As a result, many voices in South Sudan and the international community have accused Beijing of prolonging the conflict. Some rebel figures have also criticized Beijing, claiming it is playing a contradictory role by arming South Sudan’s military while investing time, effort and money in peace talks. South Sudan’s rebels do not view China as a legitimate or genuine peace broker, and accuse it of playing peacemaker simply to protect its oil interests. Such a perception can only be heightened by China’s deployment of 700 troops to the South Sudanese states of Unity and Upper Nile, in an effort to safeguard China’s workers and assets. It marks Beijing’s first contribution of a battalion to any UN peacekeeping force. Some might ask, what took it so long to do so?"

https://intpolicydigest.org/2015/05/13/china-is-walking-softly-and-carrying-a-small-stick/

 

  • Like 2

Share this post


Link to post
Share on other sites
2 hours ago, Mark Berkowitz said:

As the world’s second largest economy and de facto superpower, what, exactly, would the West and its neighbors expect it to be doing?

That is a question I can answer.  Canada is next door to the largest economy and superpower.  If the US were to take a currently unpopulated island in Canadian waters and turn it into a military base, then "I", and "the West", and all our neighbors would expect them to ask for and get permission AND THEN obey the world courts decision if there was no agreement between the friends/neighbors.

The article sounds like it is feeding us bullchit dressed up as fertilizer.  Same shit, different spin.

  • Like 4
  • Hmm thinking 1

Share this post


Link to post
Share on other sites

 

5 minutes ago, Dave Hounddriver said:

our neighbors would expect them to ask for and get permission AND THEN obey the world courts decision if there was no agreement between the friends/neighbors.

:lipssealed_80_anim_gif:   

I really should not comment!... but since China is not obeying the world courts, the only solution that I can think of is to create a naval blockade of their man made islands.  This would require the military support of the US, Canada, UK, Australia, New Zealand, etc.  Who will green light this endeavor?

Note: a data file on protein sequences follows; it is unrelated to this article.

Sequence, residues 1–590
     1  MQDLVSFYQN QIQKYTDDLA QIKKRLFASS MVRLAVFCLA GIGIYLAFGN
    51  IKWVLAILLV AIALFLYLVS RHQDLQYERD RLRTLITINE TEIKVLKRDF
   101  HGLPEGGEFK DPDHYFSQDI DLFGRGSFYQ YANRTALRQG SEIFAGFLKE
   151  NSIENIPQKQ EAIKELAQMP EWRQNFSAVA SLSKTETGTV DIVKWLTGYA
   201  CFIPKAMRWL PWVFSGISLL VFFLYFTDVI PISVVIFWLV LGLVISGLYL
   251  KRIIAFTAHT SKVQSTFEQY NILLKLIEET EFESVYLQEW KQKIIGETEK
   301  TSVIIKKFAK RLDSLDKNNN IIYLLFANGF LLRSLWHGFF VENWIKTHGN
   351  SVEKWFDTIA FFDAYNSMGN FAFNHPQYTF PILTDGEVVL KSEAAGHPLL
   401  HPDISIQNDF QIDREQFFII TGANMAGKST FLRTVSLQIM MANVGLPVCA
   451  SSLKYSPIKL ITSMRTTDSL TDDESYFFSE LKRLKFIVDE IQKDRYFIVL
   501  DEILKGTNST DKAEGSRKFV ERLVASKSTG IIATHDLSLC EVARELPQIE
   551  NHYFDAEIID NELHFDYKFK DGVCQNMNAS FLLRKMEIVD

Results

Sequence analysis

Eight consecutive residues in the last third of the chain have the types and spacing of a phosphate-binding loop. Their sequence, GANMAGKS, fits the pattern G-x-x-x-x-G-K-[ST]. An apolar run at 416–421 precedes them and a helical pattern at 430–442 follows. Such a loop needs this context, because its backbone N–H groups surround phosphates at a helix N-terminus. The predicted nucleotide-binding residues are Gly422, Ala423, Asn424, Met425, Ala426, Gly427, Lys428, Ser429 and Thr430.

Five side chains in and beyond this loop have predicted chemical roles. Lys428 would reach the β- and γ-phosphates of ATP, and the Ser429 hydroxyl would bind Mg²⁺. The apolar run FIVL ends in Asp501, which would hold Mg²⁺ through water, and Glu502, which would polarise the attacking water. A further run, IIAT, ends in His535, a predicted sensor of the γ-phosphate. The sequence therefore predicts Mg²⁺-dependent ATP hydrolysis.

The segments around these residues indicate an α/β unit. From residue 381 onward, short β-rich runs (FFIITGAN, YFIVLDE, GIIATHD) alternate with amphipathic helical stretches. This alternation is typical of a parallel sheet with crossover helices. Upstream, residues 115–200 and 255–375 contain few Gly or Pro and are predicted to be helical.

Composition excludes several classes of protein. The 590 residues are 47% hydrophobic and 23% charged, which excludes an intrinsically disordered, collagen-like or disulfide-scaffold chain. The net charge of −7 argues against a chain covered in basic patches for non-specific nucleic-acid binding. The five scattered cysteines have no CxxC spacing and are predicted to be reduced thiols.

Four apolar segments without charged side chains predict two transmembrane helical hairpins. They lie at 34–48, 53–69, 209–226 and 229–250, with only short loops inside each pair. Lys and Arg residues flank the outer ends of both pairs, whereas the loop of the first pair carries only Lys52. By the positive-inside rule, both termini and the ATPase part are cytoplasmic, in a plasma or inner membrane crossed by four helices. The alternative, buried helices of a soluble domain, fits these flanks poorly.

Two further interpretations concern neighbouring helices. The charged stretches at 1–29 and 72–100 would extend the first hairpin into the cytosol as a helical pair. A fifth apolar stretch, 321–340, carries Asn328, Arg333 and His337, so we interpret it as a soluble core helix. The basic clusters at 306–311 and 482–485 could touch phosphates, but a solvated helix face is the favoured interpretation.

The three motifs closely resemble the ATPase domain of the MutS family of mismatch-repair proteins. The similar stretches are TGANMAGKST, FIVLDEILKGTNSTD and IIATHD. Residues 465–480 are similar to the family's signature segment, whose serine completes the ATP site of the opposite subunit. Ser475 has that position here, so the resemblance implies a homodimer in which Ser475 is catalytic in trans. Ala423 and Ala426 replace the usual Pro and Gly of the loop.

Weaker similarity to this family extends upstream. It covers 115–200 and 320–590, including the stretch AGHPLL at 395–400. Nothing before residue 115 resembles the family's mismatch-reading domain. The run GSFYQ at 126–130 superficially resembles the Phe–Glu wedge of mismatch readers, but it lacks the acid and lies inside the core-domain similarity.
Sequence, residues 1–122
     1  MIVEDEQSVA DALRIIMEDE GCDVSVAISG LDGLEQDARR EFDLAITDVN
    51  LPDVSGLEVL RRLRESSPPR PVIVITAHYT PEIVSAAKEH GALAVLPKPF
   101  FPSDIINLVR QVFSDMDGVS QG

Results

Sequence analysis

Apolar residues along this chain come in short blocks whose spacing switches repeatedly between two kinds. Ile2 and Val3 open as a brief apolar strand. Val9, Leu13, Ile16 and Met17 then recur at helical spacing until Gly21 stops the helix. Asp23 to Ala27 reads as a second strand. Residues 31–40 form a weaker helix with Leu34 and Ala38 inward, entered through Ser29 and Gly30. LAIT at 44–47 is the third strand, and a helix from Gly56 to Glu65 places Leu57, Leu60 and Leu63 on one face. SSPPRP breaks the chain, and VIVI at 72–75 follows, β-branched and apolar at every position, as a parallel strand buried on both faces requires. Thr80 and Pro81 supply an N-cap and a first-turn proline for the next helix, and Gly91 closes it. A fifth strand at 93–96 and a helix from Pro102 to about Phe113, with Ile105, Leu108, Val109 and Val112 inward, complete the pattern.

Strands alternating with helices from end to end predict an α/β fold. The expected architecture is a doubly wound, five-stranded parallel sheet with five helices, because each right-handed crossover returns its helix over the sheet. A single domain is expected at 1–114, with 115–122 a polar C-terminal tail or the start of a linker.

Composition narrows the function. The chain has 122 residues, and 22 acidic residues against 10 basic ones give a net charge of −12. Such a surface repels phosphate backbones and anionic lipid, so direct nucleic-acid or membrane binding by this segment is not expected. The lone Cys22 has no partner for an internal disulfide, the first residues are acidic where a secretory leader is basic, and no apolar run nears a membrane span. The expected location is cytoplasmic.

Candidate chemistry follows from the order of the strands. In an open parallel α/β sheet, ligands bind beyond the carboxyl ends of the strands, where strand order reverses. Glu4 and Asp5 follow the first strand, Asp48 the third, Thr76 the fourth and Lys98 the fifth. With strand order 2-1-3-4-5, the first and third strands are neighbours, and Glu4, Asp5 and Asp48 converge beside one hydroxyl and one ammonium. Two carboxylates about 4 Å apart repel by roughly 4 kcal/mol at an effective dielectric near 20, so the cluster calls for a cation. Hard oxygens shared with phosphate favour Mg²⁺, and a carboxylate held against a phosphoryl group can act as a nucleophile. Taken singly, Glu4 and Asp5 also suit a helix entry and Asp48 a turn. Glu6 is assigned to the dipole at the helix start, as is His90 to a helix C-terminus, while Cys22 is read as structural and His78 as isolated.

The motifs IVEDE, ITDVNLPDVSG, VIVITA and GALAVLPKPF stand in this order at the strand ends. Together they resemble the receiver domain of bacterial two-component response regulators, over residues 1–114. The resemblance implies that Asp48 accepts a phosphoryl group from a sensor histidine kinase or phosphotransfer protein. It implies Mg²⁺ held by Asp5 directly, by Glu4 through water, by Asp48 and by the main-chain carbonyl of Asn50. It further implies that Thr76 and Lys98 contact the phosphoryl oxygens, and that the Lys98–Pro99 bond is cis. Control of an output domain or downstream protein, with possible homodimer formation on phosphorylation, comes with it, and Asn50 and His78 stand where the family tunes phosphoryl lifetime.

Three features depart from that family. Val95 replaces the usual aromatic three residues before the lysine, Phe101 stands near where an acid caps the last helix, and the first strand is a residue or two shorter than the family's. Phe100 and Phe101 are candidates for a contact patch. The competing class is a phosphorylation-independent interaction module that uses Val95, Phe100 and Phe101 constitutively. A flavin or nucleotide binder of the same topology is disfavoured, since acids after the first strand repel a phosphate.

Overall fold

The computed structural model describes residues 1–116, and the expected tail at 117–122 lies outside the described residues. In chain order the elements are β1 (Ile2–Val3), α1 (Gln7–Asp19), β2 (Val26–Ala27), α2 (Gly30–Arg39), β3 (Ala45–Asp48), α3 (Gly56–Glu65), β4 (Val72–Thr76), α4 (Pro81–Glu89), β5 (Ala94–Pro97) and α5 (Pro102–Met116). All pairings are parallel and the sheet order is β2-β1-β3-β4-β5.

Share this post


Link to post
Share on other sites
1 minute ago, Mark Berkowitz said:

since China is not obeying the world courts, the only solution that I can think of is to create a naval blockade of their man made islands. 

Maybe we can just build a wall around their island and get them to pay for it.  Just kidding.  My objection to the article was that the writer seems to suggest that China is doing the same as any other superpower would do.  I offered my opinion of what other superpowers would do.

On second thought, though, perhaps China is doing this because it is "only the Philippines"  They would not do it to Japan, or at least they would not get away with it.  In the same way, the USA would not do it to Canada but have no problem doing it in Guantanamo Bay, Cuba.  So there are some comparables and maybe the writer does have some valid points.

  • Like 3

Share this post


Link to post
Share on other sites

Create an account or sign in to comment

You need to be a member in order to leave a comment

Create an account

Sign up for a new account in our community. It's easy!

Register a new account

Sign in

Already have an account? Sign in here.

Sign In Now

×
×
  • Create New...